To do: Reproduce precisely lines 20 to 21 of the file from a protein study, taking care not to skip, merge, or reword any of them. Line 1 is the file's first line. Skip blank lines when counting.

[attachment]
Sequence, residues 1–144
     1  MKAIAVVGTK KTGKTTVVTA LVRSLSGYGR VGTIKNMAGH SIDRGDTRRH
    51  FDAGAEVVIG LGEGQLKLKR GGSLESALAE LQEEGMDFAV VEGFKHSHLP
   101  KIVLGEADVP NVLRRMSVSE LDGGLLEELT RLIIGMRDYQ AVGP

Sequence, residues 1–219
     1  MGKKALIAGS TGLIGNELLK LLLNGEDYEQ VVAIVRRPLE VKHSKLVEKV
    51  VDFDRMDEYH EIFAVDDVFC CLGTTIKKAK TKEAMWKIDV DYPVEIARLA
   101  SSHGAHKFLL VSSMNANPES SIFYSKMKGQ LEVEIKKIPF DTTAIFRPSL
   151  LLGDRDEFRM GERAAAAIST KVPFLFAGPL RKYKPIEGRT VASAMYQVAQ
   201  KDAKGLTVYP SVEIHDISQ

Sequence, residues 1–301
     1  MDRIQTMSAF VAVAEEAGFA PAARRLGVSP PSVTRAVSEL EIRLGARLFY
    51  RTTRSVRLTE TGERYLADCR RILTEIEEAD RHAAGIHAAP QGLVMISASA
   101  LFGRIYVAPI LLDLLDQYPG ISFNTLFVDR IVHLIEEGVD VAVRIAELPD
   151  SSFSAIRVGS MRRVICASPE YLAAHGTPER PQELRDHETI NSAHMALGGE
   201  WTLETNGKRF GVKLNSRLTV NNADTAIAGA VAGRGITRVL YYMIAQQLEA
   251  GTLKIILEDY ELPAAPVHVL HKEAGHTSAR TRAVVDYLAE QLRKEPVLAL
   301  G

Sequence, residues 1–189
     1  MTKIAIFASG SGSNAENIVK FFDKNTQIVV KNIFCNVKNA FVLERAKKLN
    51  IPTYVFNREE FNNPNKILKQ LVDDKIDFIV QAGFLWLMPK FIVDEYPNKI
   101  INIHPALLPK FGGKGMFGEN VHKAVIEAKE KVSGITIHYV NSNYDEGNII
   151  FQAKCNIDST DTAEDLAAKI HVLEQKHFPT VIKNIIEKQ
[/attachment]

     1  MTKIAIFASG SGSNAENIVK FFDKNTQIVV KNIFCNVKNA FVLERAKKLN
    51  IPTYVFNREE FNNPNKILKQ LVDDKIDFIV QAGFLWLMPK FIVDEYPNKI